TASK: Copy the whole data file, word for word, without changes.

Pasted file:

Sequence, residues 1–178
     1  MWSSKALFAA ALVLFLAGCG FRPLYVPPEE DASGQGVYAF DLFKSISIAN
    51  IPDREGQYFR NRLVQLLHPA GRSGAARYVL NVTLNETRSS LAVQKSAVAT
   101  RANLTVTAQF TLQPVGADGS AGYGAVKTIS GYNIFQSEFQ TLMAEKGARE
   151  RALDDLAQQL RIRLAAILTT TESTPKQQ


Sequence, residues 1–178
     1  MWSSKALFAA ALVLFLAGCG FRPLYVPPEE DASGQGVYAF DLFKSISIAN
    51  IPDREGQYFR NRLVQLLHPA GRSGAARYVL NVTLNETRSS LAVQKSAVAT
   101  RANLTVTAQF TLQPVGADGS AGYGAVKTIS GYNIFQSEFQ TLMAEKGARE
   151  RALDDLAQQL RIRLAAILTT TESTPKQQ